And [Glee] really was what it got credit for being, in that it did things that don’t happen enough: it was a show where an actress with Down Syndrome had a real role in which she got to be funny, and where Chris Colfer sang in the first season in a way nobody was singing on television, and where gender fluidity and grief and loss got to be real.
Chris Colfer was good at picking up choreography but didn’t have the best rhythm, so he eventually convinced the choreographers [on Glee] to let him use props, like brandishing a sword or swinging from the rafters in a cat suit.
[Glee] dealt with something that was revolutionary at the time, which was this young, gay, teenage love story on primetime TV,” he said. Seeing the show’s adolescent fans react to the story of Blaine (Criss) and Kurt (Chris Colfer), he said, “reminded me of who I was, as a young, confused teenager. It was a doorway for them to talk about things that aren’t easy to talk about.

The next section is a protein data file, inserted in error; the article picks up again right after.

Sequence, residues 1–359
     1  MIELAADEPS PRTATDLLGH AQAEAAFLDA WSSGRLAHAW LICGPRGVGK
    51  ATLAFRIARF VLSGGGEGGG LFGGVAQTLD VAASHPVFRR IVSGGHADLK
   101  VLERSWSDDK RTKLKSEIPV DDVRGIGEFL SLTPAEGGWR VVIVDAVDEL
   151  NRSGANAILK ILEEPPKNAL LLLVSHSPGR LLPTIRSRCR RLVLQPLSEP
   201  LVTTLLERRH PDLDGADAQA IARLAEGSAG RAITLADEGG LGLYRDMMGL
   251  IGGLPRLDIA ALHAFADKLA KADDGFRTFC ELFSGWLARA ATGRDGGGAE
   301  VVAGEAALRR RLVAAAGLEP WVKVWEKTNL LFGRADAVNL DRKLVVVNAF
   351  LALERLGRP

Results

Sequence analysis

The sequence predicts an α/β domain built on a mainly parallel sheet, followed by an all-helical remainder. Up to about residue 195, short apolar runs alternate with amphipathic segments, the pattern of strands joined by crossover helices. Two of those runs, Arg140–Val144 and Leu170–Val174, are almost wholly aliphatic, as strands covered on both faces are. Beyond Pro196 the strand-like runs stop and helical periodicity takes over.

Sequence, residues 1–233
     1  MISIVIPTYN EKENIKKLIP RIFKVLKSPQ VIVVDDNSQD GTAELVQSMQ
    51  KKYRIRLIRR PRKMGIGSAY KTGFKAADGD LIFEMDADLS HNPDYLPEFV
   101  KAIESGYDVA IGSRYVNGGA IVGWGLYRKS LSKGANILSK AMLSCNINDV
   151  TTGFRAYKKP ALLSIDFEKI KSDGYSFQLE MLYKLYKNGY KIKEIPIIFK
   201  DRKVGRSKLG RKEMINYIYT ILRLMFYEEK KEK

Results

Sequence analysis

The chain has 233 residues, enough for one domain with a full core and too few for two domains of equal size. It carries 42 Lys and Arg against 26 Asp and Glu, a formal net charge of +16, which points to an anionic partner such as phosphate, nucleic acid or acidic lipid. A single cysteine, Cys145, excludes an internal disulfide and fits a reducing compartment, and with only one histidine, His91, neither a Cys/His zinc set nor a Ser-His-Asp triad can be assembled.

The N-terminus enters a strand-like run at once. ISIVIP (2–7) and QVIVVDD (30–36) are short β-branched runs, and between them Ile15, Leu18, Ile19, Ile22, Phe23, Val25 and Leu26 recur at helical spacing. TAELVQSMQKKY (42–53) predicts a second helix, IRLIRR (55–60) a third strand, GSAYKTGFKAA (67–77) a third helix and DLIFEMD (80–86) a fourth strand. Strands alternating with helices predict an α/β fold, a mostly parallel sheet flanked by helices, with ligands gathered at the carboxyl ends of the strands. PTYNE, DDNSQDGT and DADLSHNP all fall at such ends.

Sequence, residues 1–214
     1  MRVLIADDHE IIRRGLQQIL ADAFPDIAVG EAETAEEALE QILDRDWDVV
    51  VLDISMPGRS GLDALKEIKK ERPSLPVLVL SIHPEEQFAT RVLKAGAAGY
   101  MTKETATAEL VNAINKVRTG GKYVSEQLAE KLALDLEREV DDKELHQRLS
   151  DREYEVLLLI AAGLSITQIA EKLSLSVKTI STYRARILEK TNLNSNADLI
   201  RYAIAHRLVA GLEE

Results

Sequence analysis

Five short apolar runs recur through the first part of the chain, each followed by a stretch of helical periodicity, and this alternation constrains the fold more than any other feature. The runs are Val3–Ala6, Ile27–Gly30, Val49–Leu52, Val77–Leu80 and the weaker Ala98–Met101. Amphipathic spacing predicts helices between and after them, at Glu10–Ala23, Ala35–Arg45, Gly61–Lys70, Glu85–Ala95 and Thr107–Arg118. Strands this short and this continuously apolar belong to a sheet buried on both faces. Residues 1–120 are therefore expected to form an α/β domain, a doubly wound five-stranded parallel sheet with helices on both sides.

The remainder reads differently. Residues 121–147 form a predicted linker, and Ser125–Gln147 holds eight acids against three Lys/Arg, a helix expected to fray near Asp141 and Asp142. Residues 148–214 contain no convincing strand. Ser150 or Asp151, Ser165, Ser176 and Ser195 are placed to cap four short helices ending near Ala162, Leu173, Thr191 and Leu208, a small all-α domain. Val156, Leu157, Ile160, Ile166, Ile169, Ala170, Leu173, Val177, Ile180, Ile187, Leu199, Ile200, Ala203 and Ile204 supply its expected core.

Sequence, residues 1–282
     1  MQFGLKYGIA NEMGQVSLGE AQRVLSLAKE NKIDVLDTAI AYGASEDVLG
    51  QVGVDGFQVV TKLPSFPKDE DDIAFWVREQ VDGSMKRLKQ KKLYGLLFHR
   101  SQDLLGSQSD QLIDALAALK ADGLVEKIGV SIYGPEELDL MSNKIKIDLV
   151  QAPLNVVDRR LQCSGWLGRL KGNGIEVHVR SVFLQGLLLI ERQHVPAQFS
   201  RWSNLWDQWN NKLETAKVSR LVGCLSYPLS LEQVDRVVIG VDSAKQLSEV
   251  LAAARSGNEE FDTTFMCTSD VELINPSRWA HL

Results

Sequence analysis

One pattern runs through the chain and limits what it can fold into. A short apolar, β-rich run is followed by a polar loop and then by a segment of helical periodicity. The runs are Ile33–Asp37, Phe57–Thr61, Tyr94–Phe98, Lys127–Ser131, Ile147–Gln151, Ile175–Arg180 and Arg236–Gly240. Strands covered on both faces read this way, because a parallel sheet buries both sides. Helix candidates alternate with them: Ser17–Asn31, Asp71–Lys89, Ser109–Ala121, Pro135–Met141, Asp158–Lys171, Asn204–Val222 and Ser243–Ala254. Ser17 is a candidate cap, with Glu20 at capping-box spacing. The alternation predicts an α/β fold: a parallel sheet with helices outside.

There was a party at Glee’s Chris Colfer’s house last weekend, where he screamed “Mommy dearest!” sitting next to Academy Award nominee June Squibb, doing color commentary with Jane Lynch. You can’t write this stuff.
Chris [Colfer] and I are always very happy when we manage to hear ourselves around Christmastime on (the) radio doing [Baby, It’s Cold Outside]. We always joke, ‘I don’t think they realize it’s two guys.’